My family has never really been able to understand my decisions, but my father refuses to even try. He argues that I will hate my job, get hurt (and not have any medical insurance), and that my time there will be terrible. My whole life my parents have told me that doing what I want to do will make me a failure. Now I have an opportunity to get out of the house, see the world, and find myself, but I have been instilled with fears of failure, poverty, and unhappiness. I don’t know what I am asking for. Maybe your advice? I do know, however, that I would like you to give me your opinion on this program: should I do my own thing? I think that if I enjoy my time in Australia I might just continue to either live their or to travel, which I am unsure of at the moment though (like a lot of other things).

Thank you very much for your time as I understand it can be hard to get a hold of.

My response

It is my impression that you can only fail at life if you don’t do what you sincerely want to do out of fear of failure. If you want to reach for the cookie jar on the top shelf then pull over a chair to use as a ladder an climb up and dig in. If you want to go to Australia then find a way to go to Australia.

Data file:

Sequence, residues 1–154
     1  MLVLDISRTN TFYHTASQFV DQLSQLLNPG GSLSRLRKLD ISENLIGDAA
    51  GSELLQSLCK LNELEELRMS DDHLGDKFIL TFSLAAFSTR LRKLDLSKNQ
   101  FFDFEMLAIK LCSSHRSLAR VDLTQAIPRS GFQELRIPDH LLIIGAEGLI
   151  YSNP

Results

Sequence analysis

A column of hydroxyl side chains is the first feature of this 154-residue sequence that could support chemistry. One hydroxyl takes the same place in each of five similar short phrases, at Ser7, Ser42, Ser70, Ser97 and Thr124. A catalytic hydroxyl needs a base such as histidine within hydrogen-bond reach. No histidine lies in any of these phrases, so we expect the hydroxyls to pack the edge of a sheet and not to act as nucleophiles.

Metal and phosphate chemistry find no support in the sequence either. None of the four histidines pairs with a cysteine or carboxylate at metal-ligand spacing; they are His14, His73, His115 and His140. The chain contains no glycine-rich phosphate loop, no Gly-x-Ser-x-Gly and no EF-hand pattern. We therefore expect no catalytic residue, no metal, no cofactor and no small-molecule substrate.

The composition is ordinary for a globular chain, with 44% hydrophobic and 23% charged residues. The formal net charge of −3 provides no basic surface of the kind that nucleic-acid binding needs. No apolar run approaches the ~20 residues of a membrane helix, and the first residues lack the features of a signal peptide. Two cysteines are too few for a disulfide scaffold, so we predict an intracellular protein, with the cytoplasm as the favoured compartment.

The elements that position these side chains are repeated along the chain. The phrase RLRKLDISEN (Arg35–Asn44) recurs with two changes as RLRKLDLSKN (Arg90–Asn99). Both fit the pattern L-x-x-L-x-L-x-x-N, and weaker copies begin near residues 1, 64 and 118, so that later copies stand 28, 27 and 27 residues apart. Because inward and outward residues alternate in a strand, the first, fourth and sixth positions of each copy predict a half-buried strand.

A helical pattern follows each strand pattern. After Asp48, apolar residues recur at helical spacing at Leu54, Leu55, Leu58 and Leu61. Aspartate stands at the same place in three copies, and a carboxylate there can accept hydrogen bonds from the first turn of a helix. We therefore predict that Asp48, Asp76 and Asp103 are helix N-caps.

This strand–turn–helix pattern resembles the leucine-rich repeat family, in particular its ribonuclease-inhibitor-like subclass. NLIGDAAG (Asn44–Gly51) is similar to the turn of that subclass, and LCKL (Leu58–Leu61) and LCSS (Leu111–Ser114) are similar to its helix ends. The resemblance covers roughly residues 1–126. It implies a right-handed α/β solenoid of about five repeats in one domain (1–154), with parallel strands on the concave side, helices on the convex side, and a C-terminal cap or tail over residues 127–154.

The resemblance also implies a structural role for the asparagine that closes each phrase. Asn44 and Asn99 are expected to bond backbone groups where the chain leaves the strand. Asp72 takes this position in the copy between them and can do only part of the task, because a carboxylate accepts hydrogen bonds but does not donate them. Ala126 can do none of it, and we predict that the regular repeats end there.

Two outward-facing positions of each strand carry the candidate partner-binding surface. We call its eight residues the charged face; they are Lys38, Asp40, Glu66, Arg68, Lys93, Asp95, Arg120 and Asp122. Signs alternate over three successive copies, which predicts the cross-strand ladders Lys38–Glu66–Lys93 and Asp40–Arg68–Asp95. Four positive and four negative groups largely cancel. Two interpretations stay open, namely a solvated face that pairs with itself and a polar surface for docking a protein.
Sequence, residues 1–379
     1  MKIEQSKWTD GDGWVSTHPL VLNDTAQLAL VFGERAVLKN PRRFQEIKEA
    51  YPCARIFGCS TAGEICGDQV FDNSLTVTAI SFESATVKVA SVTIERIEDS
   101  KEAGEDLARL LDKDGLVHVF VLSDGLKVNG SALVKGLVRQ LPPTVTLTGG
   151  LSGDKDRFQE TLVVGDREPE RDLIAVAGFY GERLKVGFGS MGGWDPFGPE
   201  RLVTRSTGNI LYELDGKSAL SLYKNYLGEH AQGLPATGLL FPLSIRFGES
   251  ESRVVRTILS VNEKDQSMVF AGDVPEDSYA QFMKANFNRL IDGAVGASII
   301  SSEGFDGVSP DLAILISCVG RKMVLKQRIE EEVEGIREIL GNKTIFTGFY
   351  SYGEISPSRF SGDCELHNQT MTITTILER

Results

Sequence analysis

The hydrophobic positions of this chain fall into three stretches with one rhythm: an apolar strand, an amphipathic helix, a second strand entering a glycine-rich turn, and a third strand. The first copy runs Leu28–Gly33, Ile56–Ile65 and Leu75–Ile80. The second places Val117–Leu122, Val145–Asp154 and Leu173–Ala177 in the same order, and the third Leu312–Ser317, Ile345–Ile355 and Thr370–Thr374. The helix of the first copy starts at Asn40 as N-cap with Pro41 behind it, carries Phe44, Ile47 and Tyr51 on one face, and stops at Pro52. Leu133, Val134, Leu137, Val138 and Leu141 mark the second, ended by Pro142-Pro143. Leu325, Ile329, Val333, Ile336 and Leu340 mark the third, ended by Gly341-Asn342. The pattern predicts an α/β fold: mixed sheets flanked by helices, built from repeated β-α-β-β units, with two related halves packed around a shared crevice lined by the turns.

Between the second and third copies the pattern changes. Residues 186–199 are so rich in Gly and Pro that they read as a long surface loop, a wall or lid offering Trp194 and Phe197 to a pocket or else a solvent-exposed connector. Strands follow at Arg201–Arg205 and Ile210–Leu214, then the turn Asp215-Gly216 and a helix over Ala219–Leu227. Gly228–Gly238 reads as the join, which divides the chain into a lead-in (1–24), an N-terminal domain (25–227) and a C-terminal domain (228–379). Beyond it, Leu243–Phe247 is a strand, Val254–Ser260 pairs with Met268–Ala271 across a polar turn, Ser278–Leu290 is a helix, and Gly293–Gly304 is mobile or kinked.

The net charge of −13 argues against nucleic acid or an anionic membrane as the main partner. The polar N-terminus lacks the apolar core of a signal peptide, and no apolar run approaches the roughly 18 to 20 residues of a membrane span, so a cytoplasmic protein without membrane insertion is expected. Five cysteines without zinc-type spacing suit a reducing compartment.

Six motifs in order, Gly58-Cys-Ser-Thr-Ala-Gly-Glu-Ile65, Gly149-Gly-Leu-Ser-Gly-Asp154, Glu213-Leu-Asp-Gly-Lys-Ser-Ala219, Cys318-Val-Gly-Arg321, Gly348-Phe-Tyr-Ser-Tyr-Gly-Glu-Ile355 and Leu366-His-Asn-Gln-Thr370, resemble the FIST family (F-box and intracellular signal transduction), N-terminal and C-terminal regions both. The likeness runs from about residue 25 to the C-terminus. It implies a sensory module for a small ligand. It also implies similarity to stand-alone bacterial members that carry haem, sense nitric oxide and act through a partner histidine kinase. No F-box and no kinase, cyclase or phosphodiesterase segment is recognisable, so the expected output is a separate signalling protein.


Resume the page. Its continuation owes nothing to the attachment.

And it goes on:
The worst thing that can happen is that you get there, look around, have a horrible time, and then return home to the same place that you are in now. You have nothing to loose and only the fruition of your dreams to gain. You go to Australia, waste a few thousand dollars, return home, go to university next year. Big deal. In the great ebb and flow of existence, this is only pimply prick of time and a very insignificant amount of money. You do not have to end up enjoying that which you really desire to do, you just have to do it. In the great course of things, if you travel for a while and realize that you do not like it, there are no problems: you just move on to something else with one major hurdle crossed.